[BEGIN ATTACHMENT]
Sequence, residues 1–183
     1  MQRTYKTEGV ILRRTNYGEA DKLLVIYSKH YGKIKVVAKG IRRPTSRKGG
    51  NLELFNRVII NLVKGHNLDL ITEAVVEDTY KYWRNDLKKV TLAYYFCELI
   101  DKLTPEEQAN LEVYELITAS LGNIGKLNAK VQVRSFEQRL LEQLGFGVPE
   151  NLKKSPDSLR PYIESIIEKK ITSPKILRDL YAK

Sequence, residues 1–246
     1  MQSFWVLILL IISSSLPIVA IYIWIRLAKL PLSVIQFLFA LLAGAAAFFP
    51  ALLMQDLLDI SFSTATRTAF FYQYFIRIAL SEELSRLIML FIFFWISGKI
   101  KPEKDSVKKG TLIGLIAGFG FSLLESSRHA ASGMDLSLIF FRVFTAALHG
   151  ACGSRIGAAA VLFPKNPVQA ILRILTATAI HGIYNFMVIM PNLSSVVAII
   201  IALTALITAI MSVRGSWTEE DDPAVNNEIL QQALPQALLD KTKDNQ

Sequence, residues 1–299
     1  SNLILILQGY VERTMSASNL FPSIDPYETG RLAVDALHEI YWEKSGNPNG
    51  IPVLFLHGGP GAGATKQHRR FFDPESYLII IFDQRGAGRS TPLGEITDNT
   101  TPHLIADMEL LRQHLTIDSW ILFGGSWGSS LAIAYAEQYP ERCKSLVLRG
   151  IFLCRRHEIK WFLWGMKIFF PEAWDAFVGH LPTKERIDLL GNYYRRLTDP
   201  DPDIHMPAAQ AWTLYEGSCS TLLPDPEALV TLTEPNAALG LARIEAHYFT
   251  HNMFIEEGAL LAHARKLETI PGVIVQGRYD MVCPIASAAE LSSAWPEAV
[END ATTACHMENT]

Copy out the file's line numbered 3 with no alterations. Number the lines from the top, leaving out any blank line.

    51  NLELFNRVII NLVKGHNLDL ITEAVVEDTY KYWRNDLKKV TLAYYFCELI